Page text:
04 December 2016
Hope in the Dark: Untold Histories, Wild Possibilities by Rebecca Solnit
"This is the ultimate 'feel-good' book for exhausted campaigners and activists . . . an intensely personal account, a meditation on activism and hope." Guardian
Praise for Men Explain Things To Me
"It s a fraught time to be female in America (or should I say fraught-er), and a newly expanded edition of Rebecca Solnit s Men Explain Things to Me is the most clarifying, soothing and socially aware document I ve read on the topic this year." Lena Dunham
"Trenchant and timely reflections on persistent inequality between women and men and gender-based violence." New York Times
A book as powerful and influential as Rebecca Solnit's Men Explain Things to Me, her Hope in the Dark was written to counter the despair of radicals at a moment when they were focused on their losses and had turned their back to the victories behind them and the unimaginable changes soon to come. In it, she makes a radical case for hope as a commitment to act in a world whose future remains uncertain and unknowable. Drawing on her decades of activism and a wide reading of environmental, cultural, and political history, Solnit argued that radicals have a long, neglected history of transformative victories, that the positive consequences of our acts are not always immediately seen, directly knowable, or even measurable, and that pessimism and despair rest on an unwarranted confidence about what is going to happen next. Now, with a moving new introduction explaining how the book came about and a new afterword that helps teach us how to hope and act in our unnerving world, she brings a new illumination to the darkness of 2016 in an unforgettable new edition of this classic book.
Writer, historian, and activist Rebecca Solnit is the author of eighteen or so books on feminism, western and indigenous history, popular power, social change and insurrection, wandering and walking, hope and disaster, including the booksMen Explain Things to MeandHope in the Dark, both also with Haymarket; a trilogy of atlases of American cities;The Faraway Nearby;A Paradise Built in Hell: The Extraordinary Communities that Arise in Disaster;A Field Guide to Getting Lost;Wanderlust: A History of Walking; andRiver of Shadows, Eadweard Muybridge and the Technological Wild West(for which she received a Guggenheim, the National Book Critics Circle Award in criticism, and the Lannan Literary Award). A product of the California public education system from kindergarten to graduate school, she is a columnist at Harper's and a regular contributor to the Guardian."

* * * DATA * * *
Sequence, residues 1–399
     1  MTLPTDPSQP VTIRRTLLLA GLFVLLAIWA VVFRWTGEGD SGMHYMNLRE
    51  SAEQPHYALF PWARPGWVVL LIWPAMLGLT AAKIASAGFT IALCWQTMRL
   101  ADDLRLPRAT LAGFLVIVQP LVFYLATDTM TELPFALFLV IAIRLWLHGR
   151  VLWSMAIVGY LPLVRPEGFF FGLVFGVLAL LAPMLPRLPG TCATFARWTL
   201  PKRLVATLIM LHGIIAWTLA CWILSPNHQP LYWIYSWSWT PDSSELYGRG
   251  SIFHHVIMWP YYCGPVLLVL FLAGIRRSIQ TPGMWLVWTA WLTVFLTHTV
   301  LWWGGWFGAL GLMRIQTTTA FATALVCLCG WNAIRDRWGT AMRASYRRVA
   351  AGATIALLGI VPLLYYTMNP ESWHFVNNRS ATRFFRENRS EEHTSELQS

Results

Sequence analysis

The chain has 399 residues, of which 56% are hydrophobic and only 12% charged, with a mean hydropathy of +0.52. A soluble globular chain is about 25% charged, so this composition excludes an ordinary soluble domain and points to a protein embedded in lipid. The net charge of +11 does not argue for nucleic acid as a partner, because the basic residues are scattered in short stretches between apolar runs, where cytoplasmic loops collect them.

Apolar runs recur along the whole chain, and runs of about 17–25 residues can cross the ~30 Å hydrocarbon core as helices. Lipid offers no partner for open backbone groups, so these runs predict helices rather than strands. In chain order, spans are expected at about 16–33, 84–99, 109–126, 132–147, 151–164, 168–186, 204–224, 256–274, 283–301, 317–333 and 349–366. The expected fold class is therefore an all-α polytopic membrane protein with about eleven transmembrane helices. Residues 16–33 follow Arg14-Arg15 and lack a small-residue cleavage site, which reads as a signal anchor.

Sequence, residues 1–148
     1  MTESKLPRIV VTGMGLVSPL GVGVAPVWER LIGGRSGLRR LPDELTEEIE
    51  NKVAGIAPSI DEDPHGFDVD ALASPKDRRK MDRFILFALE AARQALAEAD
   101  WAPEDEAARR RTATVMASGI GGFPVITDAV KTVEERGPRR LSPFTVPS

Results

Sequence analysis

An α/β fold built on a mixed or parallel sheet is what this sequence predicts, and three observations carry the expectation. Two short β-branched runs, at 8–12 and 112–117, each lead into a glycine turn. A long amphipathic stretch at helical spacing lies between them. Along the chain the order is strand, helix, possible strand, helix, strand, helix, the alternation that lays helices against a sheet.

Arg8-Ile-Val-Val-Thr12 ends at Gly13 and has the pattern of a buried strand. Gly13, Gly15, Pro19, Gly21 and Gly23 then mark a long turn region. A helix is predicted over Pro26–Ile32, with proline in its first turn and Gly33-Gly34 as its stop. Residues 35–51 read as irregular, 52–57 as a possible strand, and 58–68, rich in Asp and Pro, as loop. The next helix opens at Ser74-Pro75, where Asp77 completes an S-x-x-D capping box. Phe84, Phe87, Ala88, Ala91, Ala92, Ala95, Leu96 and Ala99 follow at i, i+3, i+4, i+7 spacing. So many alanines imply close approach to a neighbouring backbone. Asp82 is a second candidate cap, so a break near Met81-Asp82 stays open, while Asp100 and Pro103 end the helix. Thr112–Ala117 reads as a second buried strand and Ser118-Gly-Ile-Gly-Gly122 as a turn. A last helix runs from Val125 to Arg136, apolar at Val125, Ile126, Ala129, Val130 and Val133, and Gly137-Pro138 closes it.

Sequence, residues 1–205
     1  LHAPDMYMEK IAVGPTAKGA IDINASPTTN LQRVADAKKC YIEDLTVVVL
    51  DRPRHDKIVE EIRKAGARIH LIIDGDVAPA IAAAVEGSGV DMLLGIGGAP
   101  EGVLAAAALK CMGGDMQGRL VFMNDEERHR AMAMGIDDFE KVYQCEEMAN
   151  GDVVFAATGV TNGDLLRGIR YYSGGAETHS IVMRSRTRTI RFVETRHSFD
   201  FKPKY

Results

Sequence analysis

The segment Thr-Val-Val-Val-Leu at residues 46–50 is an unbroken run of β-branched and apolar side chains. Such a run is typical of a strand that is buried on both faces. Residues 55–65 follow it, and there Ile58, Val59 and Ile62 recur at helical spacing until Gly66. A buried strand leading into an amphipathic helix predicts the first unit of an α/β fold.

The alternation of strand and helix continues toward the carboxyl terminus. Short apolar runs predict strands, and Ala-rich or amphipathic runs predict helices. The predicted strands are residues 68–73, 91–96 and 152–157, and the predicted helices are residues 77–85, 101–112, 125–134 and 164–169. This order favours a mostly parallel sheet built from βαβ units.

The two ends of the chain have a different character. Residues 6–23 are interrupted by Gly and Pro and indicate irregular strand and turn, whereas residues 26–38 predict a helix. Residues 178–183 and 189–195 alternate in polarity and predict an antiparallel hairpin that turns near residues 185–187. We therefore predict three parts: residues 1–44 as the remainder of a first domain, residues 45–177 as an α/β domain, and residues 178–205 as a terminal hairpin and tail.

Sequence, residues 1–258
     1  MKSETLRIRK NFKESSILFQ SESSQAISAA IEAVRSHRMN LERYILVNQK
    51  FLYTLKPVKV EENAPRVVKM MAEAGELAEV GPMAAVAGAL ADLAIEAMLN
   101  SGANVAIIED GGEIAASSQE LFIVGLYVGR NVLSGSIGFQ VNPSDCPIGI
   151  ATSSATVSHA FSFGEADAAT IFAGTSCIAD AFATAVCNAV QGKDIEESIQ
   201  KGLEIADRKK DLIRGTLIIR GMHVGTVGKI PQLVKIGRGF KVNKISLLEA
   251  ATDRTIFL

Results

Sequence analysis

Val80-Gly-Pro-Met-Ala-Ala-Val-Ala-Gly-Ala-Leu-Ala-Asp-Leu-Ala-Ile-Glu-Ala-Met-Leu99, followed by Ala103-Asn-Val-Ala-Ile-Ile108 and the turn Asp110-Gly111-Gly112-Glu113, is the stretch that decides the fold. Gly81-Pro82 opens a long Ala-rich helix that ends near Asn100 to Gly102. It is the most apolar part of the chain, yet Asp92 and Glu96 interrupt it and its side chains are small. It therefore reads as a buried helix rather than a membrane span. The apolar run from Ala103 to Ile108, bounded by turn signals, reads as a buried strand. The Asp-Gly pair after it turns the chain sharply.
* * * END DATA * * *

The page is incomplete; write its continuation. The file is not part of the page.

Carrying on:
Thanks so much to Haymarket Books for making Rebecca Solnit's Hope in the Dark available for free a few weeks ago. It was what I needed in the aftermath of the election, to get both riled up and stay hopeful. (Also has one of the best definitions of NAFTA I've run across.)
And to quote Dumbledore, who doesn't figure here but has the line that resonates the most: hope can be found in the darkest of places, if one only turns on the light.
Dear FTC: I picked this up from Haymarket during their post-election deal.